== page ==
This month, you will receive paperwork documenting your 2018 income, as well as paperwork from those who paid you interest and from those you paid. You’ve also corralled receipts to document your deductions, right?
But before you sit down to take care of business, make sure you understand one key way to reduce your tax bill: the home office deduction. Here’s what you need to know.
1. Is it exclusive space?
A home office deduction is a great way to make normally nondeductible expenses like rent and utilities partially deductible. But simply doing some work at the dining room table isn’t enough to qualify. You must use part of your home as your principal place of business, and use it exclusively for that purpose.
You must regularly use part of your home exclusively for conducting business. For example, if you use an extra room to run your business, you can take a home office deduction for that extra room.
That sounds straightforward, but it’s less so than it seems. For example, when the IRS says “exclusively,” it means:
- The space can be as small as a desk or as big as a room. There’s no size requirement, and there don’t have to be walls or partitions marking it off. It just has to be a “separately identifiable space” and used exclusively for business.
- The space you want to deduct expenses for can’t be used for personal purposes. The couch you watch TV on doesn’t count. And even if you do all of your accounting in the dining room, eating there nixes the deduction.
2. Is it the ‘principal place’?
The other major tricky term is “principal.” It’s OK to have more than one place of business and claim the deduction. But you can only claim the home office if it’s where you do the majority of the work, or certain kinds of work. The IRS further explains the rules as follows:
For example, if you have in-person meetings with patients, clients, or customers in your home in the normal course of your business, even though you also carry on business at another location, you can deduct your expenses for the part of your home used exclusively and regularly for business.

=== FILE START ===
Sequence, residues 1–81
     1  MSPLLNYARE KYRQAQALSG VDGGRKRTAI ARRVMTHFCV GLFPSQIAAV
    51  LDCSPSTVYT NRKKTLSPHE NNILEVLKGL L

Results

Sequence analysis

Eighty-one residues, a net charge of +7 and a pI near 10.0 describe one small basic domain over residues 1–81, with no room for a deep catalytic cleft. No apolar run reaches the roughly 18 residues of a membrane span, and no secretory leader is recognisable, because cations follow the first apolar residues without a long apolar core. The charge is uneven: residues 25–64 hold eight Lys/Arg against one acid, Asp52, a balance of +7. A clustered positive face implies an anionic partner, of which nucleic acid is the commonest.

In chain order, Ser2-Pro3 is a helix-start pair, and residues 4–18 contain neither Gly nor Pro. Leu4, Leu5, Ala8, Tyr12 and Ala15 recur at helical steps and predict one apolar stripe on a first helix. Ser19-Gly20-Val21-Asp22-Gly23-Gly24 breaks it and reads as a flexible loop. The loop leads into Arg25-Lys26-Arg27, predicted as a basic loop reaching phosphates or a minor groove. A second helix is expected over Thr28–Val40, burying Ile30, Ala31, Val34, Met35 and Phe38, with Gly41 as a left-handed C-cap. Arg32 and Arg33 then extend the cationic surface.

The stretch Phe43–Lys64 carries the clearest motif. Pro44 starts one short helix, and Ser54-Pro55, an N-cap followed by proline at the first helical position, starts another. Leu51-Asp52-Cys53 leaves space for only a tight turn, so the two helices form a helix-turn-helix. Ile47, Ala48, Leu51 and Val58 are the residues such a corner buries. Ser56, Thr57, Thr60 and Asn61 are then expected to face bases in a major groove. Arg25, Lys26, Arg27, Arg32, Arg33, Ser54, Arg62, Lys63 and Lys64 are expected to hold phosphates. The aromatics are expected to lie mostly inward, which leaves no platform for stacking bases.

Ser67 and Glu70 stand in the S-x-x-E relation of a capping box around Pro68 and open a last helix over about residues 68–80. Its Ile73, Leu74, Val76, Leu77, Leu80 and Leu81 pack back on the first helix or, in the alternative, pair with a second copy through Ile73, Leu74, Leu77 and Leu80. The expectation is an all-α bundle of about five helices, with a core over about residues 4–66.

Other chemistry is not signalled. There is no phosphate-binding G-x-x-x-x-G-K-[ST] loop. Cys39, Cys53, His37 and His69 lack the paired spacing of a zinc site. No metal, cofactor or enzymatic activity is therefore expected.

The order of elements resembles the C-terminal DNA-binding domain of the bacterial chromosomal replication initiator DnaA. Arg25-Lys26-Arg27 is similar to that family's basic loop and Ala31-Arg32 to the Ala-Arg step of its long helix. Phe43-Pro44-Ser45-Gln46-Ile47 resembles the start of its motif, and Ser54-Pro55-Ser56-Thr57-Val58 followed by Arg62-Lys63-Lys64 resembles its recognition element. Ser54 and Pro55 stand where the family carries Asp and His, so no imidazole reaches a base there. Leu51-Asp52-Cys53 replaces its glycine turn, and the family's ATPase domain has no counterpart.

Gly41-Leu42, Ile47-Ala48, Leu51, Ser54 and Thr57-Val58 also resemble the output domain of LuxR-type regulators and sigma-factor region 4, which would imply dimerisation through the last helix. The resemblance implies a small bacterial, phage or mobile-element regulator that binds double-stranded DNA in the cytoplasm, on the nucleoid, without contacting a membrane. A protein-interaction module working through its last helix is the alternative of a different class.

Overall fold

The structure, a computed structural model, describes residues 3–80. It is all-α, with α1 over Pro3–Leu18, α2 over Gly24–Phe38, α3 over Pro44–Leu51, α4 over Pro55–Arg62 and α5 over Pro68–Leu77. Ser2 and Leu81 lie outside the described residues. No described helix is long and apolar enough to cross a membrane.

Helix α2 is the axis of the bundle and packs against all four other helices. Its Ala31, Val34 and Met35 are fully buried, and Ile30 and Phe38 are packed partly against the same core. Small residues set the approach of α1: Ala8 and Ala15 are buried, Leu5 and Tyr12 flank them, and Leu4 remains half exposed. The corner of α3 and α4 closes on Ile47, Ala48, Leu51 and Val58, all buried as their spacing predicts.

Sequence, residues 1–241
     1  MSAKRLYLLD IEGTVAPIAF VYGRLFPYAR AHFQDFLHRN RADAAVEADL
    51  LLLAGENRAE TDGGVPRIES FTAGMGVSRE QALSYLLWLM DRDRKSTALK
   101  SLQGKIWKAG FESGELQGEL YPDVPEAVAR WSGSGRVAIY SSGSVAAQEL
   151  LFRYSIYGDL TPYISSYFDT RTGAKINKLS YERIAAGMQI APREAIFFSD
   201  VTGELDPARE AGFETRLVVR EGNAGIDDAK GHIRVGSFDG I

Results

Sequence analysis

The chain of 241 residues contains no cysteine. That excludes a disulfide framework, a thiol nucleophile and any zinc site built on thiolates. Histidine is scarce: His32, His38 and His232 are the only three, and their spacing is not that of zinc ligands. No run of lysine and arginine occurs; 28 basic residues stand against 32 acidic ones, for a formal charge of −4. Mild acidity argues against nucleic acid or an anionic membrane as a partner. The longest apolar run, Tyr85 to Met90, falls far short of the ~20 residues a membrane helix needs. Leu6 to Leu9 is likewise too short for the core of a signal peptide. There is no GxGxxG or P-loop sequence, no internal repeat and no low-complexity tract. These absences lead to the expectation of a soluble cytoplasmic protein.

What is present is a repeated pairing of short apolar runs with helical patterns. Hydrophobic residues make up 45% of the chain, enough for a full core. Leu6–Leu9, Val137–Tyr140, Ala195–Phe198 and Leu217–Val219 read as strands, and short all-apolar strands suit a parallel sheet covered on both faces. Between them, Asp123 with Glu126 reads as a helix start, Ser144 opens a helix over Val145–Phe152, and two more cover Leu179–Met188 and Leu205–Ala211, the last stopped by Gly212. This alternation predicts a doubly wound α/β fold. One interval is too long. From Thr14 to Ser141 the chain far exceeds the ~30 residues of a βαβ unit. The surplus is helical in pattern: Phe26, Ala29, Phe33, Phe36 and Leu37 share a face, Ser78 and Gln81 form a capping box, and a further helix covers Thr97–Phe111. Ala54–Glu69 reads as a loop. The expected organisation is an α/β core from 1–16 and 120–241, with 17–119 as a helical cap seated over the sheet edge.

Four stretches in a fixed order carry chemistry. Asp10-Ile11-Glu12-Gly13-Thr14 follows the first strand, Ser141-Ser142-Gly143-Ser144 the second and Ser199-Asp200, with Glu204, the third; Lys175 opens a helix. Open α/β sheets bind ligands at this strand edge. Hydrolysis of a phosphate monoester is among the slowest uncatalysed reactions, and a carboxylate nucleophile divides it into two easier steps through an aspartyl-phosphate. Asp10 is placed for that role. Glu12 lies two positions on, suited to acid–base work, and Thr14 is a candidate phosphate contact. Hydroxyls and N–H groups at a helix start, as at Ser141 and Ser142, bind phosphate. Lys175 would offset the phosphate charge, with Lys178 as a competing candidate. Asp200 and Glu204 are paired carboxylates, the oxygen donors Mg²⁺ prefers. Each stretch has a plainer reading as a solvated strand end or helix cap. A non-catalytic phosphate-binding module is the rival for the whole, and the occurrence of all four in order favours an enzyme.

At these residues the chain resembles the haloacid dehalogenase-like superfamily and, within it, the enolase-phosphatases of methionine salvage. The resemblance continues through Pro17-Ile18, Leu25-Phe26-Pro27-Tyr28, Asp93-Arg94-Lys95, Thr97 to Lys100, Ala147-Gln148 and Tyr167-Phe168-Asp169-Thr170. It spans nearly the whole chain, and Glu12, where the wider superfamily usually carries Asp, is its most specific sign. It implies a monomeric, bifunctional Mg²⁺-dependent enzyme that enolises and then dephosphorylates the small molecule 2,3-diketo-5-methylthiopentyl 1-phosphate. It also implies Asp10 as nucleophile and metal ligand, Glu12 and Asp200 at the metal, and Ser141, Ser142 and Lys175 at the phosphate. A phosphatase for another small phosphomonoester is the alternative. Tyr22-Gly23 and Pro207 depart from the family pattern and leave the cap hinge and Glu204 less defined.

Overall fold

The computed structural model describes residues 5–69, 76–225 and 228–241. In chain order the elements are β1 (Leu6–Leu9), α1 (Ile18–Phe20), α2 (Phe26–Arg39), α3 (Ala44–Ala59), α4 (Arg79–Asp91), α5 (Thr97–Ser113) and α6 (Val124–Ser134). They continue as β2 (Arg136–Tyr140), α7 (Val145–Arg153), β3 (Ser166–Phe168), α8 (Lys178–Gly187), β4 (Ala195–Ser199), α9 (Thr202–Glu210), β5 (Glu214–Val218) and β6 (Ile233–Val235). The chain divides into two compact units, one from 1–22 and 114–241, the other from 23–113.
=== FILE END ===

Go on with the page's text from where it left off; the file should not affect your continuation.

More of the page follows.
3. Figuring the deduction
Before you begin, you’ll need to know the total square footage of your office space and home, because you’ll be deducting the percentage of home-related expenses the business uses.
So, if you have a 2,000-square-foot home and use a 200-square-foot spare bedroom as a home office, you’ll deduct up to 10 percent of the rent or mortgage payments, utilities, insurance and so on. Stuff that’s only for the business area, like paint, can also be fully deducted.
4. A new, simpler way to claim the deduction
Starting with tax year 2013, the IRS introduced a simpler way to compute the deduction. It allows those with qualifying home offices to deduct up to $1,500 nearly hassle-free. (According to the IRS, this collectively saves filers 1.6 million hours in paperwork and record keeping annually.)
Rather than adding up the proper percentage of rent, electricity and other home office expenses, all you do is use a formula. As we note in the video above, the rate for 2018 is $5 per square foot with a maximum of 300 square feet. That limits the deduction to $1,500 per year.
So if the portion of your home used for business is larger than 300 square feet, and/or the deduction would add up to more than $1,500, you’ll want to use the old method. If not, keep it simple by using the new one.
5. Don’t be shy, but do be careful
Because home offices are ever more ubiquitous, and the potential deduction is so attractive, you can imagine this is something many taxpayers might be tempted to abuse. After all, the IRS gets a copy of your W-2 from your employer, but the agency probably doesn’t yet know the square footage of your former guest bedroom.
But be careful. The same factors that make this deduction easy to fudge also make it one that invites scrutiny. This doesn’t mean you should be afraid to take it. Always take every deduction to which you’re legally entitled. But when it comes to this one, make sure you can verify it, just in case.
Do you have experience claiming your home office as a deduction? Share with us in comments below or on our Facebook page.
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